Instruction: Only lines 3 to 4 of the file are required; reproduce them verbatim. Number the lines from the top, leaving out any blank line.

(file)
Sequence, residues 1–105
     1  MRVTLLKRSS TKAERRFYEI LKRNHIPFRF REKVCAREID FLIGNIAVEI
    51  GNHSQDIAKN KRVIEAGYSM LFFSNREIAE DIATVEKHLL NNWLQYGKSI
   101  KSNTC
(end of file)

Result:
    51  GNHSQDIAKN KRVIEAGYSM LFFSNREIAE DIATVEKHLL NNWLQYGKSI
   101  KSNTC